The updated commodity price forecasts, contained in its mid-year economic update on Tuesday, form part of a $26 billion blow out in the budget deficit over four years, compared to the May budget.
Iron ore price assumptions for this financial year have been scaled back from US$48 per tonne, free on board, in May to US$39 per tonne. This reduces anticipated company tax receipts.

Health Budget Issues.

Myefo: bulk-billing rules 'Tony Abbott's GP co-payment in disguise', says AMA

Australian Medical Association president Brian Owler says former prime minister’s ‘dead, buried and cremated’ measures ‘reach out beyond the grave’
The AMA president, Brian Owler, says the health minister, Sussan Ley, did not consult the AMA and pathology and diagnostic experts. Photograph: Lukas Coch/AAP
Tony Abbott’s GP co-payment is “reaching out beyond the grave” in the guise of new bulk-billing measures announced in Tuesday’s economic update, the Australian Medical Association has warned.
The government’s midyear economic and fiscal outlook (Myefo), released on Tuesday, included reducing the rebate health professionals get from the government for bulk billing diagnostic imaging and pathology services from 15% to 10% of the Medicare benefits schedule fee.

MYEFO health cuts pummel Primary Health Care and Sonic Healthcare

Date December 15, 2015 - 7:44PM

Tim Binsted


Hefty cuts to government funding of blood tests and x-rays sparked a sell-off in healthcare stocks and drew sharp criticism from the doctors' lobby.
On Tuesday the federal government's Mid-Year Economic and Fiscal Outlook (MYEFO) identified $650.4 million of savings over the next four years, from reducing or removing bulk-billing incentive payments for certain pathology and imaging tests.
The incentives were introduced in 2009 when Nicola Roxon was health minister, to offset cuts in fees paid to providers and to maintain bulk billing rates for patients.

Aged care facilities overmedicating patients in order to extract more government subsidies

December 16, 2015 1:00am
Renee Viellaris Federal PoliticsThe Courier-Mail
AGED care providers are dosing residents with unnecessary medications and procedures to extract more taxpayer subsidies.
The swindle identified by the Federal Government raised questions about the potential side-effects of the cash grab and whether some providers gave seniors extra pain medication to subdue them.
The Government said the practice might have cost $150 million last year.
Aged Care Minister Sussan Ley will today announce aged care providers will, for the first time, be slapped with fines of more than $10,000 if they made repeated false claims about residents’ fragility.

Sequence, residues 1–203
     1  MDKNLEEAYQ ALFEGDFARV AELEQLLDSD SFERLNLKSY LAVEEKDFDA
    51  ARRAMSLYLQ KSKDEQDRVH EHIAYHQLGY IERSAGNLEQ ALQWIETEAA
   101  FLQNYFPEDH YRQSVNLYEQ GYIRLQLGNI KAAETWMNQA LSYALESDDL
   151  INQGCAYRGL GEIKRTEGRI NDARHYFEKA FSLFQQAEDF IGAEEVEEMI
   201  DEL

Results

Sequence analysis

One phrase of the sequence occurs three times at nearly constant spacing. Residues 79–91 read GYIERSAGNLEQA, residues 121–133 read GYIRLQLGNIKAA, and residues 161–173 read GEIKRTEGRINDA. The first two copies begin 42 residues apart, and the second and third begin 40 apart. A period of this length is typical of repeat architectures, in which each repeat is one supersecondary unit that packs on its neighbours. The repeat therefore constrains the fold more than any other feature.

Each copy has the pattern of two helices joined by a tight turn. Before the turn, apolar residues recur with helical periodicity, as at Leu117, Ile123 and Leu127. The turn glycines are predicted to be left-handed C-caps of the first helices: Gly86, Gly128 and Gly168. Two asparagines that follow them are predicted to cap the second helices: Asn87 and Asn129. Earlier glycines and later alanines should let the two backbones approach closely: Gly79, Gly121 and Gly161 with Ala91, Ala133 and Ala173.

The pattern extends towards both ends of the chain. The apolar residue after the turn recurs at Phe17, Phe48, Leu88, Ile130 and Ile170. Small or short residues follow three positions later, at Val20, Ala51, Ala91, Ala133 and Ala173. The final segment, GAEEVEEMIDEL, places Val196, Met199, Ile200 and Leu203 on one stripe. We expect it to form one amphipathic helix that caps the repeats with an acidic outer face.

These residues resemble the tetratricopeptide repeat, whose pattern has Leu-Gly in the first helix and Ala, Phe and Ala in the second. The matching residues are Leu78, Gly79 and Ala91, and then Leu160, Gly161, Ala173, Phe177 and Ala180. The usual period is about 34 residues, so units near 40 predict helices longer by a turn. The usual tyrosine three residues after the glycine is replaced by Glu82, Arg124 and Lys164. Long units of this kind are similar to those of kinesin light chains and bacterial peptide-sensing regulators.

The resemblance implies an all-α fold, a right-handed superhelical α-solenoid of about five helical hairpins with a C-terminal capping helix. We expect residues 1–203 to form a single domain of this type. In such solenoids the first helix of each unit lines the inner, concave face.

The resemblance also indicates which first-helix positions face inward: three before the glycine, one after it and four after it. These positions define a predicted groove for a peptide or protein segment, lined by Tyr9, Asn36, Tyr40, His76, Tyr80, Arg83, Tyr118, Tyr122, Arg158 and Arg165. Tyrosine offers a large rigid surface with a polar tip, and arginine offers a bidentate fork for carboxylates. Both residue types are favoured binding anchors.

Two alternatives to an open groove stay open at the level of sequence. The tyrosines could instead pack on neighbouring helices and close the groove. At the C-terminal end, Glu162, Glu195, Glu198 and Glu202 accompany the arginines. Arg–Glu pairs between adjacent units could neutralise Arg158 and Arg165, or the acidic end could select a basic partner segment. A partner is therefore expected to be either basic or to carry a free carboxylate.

MYEFO Medicare health cuts hit patients needing blood tests and diagnostic imaging

  • Sue Dunlevy National Health Reporter
  • News Corp Australia Network
  • December 15, 2015 9:00PM
PATIENTS will have to pay up to $20 for a blood test after the government slashed $332 million in Medicare payments, the pathology industry claims.
They will also have to drive further to find a blood collection centre and wait longer for their test results, Pathology Australia says.
The cost of X-rays and other scans for some people could also rise after the government cut more than $300 million in bulk billing incentives provided to the radiology industry.
The changes are part of $1.3 billion in new cuts to health outlined in yesterday’s mid year economic statement.

Doctors warn patients to pay up to $62 more for diagnostic and pathology tests

Date December 16, 2015 - 1:27PM

Marika Dobbin

Doctors are concerned that medical imaging like CT scans may be unaffordable for the most vulnerable people.
Australian medical patients will be out of pocket by up to $62 more for a range of diagnostic and pathology tests such as X-rays, ultrasounds and MRIs, doctors say.
The Australian Diagnostic Imaging Association says the most ill people will be hit the hardest by the Turnbull government's $650 million cut to healthcare.
Association president Dr Christian Wriedt labelled the decision a government "cash grab" that would make medical imaging like CT scans unaffordable for vulnerable people.

Cuts of nearly $500 million to the aged care sector

Australia December 16 2015
The aged care sector has been targeted for savings after a budget update that forecasted bigger deficits than expected.
Yesterday the Federal Government announced that $472.4 million will be cut from the aged care sector over the next four years as part of its Mid-Year Economic and Fiscal Outlook (MYEFO).
The savings will be achieved through the revisions of ACFI scoring, intended to ‘better align funding with residential care needs’. ACFI is the Aged Care Funding Instrument, which is a classification instrument used to pay subsidies to residential aged care services. As such therefore, the savings will likley come from cutting funding and subsidies to aged care providers.